The programme has worked within one of the Grand Challenges within Mistras domain, namely the climate and energy problems. The pro- gramme is unique in many ways. Firstly in that an apparatus central in the environmental debate has been put in focus. Secondly in that university scientists and industrial researcher engineers have collab- orated very closely around this focus. Thirdly in that knowledge and experience gained have been possible to test close to reality in Volvos lab. The exchange between scientists and engineers has become very tight and mutual trust and respect has developed.

    The programme management has also had unique features. The pro- gramme has been led according to what may be called an industrial manner with detailed time plans and checkpoints. This could have suffo- cated the innovative creativity expected from the university participants but the programme managers have beside their industrial experience also had a solid own experience from the academic world and has there- fore been able to bring out the best from university scientists as well as industrial research engineers.

    We need to congratulate the initiators, Volvo and Mistra, the pro- gramme managers Heije Westberg, Jonas Edvardsson and Jazaer Dawody and all participants to a bold programme and successful imple- mentation.

    Thomas Johannesson

  • Report Phase II 2010–2014


    E4 Mistra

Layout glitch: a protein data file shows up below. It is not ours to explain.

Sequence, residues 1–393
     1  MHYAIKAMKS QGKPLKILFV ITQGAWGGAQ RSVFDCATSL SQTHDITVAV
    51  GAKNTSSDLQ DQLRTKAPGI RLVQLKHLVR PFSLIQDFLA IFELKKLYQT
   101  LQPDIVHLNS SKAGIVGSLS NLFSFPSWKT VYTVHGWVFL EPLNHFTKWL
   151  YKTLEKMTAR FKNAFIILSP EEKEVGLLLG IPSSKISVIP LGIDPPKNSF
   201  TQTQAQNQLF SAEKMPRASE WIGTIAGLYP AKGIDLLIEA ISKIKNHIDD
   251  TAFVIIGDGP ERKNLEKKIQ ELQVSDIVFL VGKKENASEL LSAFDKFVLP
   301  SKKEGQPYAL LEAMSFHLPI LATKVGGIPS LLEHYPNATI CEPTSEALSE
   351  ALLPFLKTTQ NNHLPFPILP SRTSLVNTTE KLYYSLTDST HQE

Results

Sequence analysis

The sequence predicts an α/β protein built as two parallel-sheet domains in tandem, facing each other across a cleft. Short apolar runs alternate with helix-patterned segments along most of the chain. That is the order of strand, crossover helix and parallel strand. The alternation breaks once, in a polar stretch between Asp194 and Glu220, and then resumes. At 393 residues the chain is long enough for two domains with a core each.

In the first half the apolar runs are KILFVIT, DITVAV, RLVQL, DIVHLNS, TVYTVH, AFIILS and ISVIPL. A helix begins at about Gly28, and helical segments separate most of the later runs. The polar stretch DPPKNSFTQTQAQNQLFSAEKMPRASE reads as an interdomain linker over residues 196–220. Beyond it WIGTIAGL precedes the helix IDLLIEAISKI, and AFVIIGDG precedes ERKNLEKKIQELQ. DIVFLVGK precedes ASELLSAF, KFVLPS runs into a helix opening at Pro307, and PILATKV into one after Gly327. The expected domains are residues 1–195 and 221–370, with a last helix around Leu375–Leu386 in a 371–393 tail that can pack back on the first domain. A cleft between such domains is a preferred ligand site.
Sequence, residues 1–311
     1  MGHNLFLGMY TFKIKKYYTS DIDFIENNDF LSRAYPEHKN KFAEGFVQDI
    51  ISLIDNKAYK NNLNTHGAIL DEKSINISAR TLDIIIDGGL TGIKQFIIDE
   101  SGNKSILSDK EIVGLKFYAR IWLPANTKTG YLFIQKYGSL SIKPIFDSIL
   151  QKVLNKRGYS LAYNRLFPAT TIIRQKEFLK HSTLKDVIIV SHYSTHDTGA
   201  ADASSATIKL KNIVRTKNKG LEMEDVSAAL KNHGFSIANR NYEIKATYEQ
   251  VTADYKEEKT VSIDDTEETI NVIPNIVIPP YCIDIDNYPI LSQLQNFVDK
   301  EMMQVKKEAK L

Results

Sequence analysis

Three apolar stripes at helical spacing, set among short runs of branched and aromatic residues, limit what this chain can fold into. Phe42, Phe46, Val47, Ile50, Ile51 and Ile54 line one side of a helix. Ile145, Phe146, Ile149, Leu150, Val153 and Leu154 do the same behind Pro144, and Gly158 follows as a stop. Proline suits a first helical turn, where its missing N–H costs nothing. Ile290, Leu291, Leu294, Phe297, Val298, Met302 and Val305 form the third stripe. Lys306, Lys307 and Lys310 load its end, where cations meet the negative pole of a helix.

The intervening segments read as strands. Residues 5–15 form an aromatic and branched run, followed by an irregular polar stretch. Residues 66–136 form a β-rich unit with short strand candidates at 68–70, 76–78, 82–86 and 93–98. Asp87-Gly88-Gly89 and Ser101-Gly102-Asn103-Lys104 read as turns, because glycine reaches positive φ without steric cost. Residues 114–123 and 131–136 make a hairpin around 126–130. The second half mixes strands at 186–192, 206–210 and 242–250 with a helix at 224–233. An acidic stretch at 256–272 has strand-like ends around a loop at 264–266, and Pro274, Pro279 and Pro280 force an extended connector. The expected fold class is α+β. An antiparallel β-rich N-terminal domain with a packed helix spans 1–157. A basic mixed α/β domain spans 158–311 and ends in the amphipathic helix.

Background Energy consumption in the transportation sector has been increasing steadily during the last decades and the increase is expected to continue during the coming decades. The transport sector accounted for almost 27% of the global total final energy consumption in 2011, and 62% of final oil consumption where about 94% of the transportation energy was used in road transport by cars and trucks [1]. These vehicles are almost solely powered by the combustion of petroleum products derived from conventional crude oil in Internal Combustion Engines (ICE) resulting in the formation of greenhouse gases (GHG), primarily CO2, and haz- ardous emissions such as nitrogen oxides (NOx) and particulate matter (PM) [2]. In Europe, about a quarter of GHG emissions come from the transport sector where the road transport alone contributes to about 20% of the EU's total emissions of CO2. In U.S., the transportation sector accounts for 70% of U.S. oil consumption and 30% of U.S. greenhouse gas emissions [3]. Factors such as oil peak, volatile oil prices and expectations of relatively sustained high oil prices, alongside environmental issues related to GHG and hazardous emissions produced from the combustion of petroleum-based fuel have driven a growing number of national gov- ernments and official authorities to regulate the hazardous emissions and define targets and strategies to reduce the GHG emissions from the transport sector. The European commission has set ambitious climate and energy targets, the so-called 20-20-20 targets to ensure that the union will meet these targets by 2020. These targets are: (i) 20% reduc- tion of greenhouse gas emissions in relation to 1990 emissions level; (ii) 20% of energy comes from renewables, and (iii) 20% increase in energy efficiency [4]. Similar to Europe, U.S. authorities have defined targets and set strategies to reduce the U.S. dependence on petroleum-based fuels mainly via vehicle efficiency increase, electrification of the light- duty vehicle fleet and deployment of alternative hydrocarbon fuels. Other nations are either using own established targets and strategies or following European or American models. The success in achieving these strategies will require technology, policy, and time to develop and implement the novel technologies. Strategies to reduce GHG and hazardous emissions from on-road vehicles are described below: